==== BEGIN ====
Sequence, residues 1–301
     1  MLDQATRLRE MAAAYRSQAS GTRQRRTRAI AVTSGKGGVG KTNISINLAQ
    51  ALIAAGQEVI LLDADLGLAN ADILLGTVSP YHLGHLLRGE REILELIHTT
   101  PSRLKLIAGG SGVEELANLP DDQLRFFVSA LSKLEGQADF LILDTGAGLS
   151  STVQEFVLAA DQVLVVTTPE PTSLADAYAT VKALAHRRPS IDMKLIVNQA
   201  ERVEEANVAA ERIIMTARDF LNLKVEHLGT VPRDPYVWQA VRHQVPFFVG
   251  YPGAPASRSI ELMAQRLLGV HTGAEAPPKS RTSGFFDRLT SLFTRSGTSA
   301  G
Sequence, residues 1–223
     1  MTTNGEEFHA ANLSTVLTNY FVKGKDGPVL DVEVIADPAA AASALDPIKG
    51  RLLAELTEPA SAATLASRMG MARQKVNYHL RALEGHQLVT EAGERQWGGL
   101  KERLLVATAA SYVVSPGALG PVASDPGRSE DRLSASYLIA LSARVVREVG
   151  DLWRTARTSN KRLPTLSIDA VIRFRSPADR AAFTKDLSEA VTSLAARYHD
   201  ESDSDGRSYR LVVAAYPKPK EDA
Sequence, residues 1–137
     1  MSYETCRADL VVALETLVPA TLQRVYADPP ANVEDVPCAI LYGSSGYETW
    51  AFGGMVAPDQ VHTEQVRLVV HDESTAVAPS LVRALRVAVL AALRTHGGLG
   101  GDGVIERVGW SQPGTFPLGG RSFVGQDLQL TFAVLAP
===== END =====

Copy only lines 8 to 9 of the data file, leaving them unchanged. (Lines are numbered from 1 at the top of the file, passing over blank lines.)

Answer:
   301  G
Sequence, residues 1–223